SKOWHEGAN — Kelly Guay was best friends with Amy Bagley Lake for 17 years. They were pregnant at the same time — their boys were born one day apart — and they taught at the same school in Dexter.

In June, 2011, Bagley Lake, 38, and her two children, Coty, 13, and Monica, 12, were murdered in Dexter by her estranged husband, Steven Lake, who later died when he shot himself.

Lake, 37, had a court-imposed protection-from-abuse order against him and bail conditions forbid him from contact with his wife and children.

Guay, of Newport, one of the keynote speakers Wednesday at a law enforcement news conference called to raise awareness about domestic violence, said everything changed that day in 2011. Since then, she’s been determined to do everything she could to help prevent domestic violence.

Guay organized the Amy, Coty and Monica Memorial 5K Walk to raise money for electronic monitoring devices to track the movement of people out on bail while charged with domestic violence crimes. Somerset County became the first to use the devices.

On Wednesday, Guay presented Somerset County Administrator Dawn DiBlasi with a check for $15,000 for the monitoring program.

Kennebec County may soon follow. The Maine Coalition for Domestic Violence announced a $13,000 grant for a similar program in that county at Wednesday’s gathering of state advocates, county and municipal officials and police officers from Skowhegan, Madison, Pittsfield, Fairfield, state police and the county sheriff’s office.

“A lot of times when you hear about domestic violence or any kind of crime in the news, you think about how sad that is; but then you just kind of move on with your day — until that actually happens to somebody that you love or care about,” Guay told the gathering.

Guay said it wasn’t until the last two years of Bagley Lake’s life that she realized how bad the situation with Steven Lake was. Amy Lake would move to safe houses with her children to keep out of his way and would take alternate routes to work to avoid passing Lake’s place of business.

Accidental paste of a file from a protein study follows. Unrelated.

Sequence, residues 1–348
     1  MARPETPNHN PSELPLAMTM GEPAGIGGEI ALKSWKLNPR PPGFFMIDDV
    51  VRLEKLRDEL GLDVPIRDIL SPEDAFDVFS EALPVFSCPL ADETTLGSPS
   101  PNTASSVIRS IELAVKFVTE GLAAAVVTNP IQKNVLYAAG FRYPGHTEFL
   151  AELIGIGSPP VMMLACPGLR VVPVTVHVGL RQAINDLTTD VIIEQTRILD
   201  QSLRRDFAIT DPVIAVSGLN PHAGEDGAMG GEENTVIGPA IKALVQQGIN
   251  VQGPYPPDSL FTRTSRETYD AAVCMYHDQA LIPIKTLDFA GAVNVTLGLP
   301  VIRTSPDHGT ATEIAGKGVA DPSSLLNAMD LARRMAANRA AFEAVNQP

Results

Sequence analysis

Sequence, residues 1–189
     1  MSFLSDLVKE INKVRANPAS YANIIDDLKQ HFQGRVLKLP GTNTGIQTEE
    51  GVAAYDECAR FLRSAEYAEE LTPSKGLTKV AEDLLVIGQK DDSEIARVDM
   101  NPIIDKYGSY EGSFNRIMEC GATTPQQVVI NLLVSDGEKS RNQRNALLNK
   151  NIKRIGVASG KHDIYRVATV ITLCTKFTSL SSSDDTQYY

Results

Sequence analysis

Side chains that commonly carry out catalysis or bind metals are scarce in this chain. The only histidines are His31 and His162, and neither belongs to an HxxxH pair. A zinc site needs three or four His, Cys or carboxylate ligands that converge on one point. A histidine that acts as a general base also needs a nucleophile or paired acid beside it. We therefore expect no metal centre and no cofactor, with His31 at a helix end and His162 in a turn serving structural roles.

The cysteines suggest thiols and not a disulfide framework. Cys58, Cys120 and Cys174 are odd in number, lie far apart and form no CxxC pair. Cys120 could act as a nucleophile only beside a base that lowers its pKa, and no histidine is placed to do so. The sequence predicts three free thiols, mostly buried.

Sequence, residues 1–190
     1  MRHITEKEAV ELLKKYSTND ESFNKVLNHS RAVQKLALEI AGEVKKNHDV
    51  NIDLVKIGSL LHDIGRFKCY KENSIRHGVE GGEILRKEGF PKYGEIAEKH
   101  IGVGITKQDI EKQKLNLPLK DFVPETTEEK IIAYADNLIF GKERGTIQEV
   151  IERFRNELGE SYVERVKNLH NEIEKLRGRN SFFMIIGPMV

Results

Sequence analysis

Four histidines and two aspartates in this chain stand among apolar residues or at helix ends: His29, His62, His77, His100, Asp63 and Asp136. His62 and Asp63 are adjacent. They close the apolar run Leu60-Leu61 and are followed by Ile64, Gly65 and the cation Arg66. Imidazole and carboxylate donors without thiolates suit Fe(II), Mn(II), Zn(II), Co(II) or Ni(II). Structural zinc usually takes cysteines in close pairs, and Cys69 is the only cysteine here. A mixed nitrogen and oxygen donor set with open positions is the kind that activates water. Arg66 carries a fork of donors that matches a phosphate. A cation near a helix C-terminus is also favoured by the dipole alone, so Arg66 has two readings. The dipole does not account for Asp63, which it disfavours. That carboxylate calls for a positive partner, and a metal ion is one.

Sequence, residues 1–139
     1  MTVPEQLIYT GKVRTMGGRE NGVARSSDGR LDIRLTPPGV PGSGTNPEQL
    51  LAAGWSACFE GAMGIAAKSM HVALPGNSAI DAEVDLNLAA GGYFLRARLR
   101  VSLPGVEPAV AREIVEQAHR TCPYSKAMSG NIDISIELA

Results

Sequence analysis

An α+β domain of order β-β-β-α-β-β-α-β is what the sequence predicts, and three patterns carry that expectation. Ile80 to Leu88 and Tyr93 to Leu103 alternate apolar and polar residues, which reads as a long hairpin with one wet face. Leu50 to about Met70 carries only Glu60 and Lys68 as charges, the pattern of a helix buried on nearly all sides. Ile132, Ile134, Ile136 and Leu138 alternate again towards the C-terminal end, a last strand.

“Until you have watched somebody suffer the way she suffered and have the end result being what it was, you can’t really truly understand the depth of the problem,” Guay said. “So it was watching her and knowing what she went through that made us decide we have to do something, to make something positive come from this terrible event.

“Even if one person can be saved because of Amy’s tragedy, then it’s success for our event.”

Also at the news conference in Skowhegan’s new municipal parking lot were representatives from the Family Violence Project and the Somerset Domestic Violence Task Force.

Also present were Ralph and Linda Bagley, of Harmony, Bagley Lake’s parents, in whose name Guay presented the check.

“All I want to say is, four years ago, if Steven Lake had been wearing this monitoring system, Linda and I wouldn’t be wearing these bracelets we’ve got on today; and I truly believe that,” Ralph Bagley said, referring to the purple domestic violence awareness bracelets they were wearing.

In his opening remarks Wednesday, Skowhegan Police Chief Ted Blais said the gathering was called “to send a clear message to the community and to the state that Somerset County takes domestic violence very seriously.”

The theme of the day was that it takes a community to end domestic violence. October is Domestic Violence Awareness Month.

This summer, the Somerset County Domestic Violence Task Force convened the countywide Domestic Violence High Risk Response Team, which works to increase victim safety by identifying high-risk cases, Blais said.

The task force offers a link among community members, service providers, law enforcement and District Attorney Maeghan Maloney, who oversees both Somerset and Kennebec counties.

Somerset County Sheriff’s Department Chief Deputy Dale Lancaster told the gathering that in 2013 the county received 268 complaints about domestic violence. So far this year, he said, the county already has received 359 domestic violence calls.

“There still is a lot of work that needs to be accomplished to eradicate domestic violence from our community,” Lancaster said. “Law enforcement can not solve the problem alone. That is why we are here today. We need to work collaboratively with family violence groups, the courts and the community to change the culture and enhance public awareness.

“Domestic violence is fundamentally wrong.”

Wednesday’s events were to continue at 5:30 p.m. at the Skowhegan Town Office with a panel discussion on the effect of domestic violence and the recent response of the NFL to incidences of spousal abuse and family violence by players.

The Speak Out panel of men were Lancaster; Jon Heath, Family Violence Project director of education programs and Menswork; and Sean Landry, community and school based educator on sexual assault and crisis response services.

Doug Harlow — 612-2367

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Twitter: @Doug_Harlow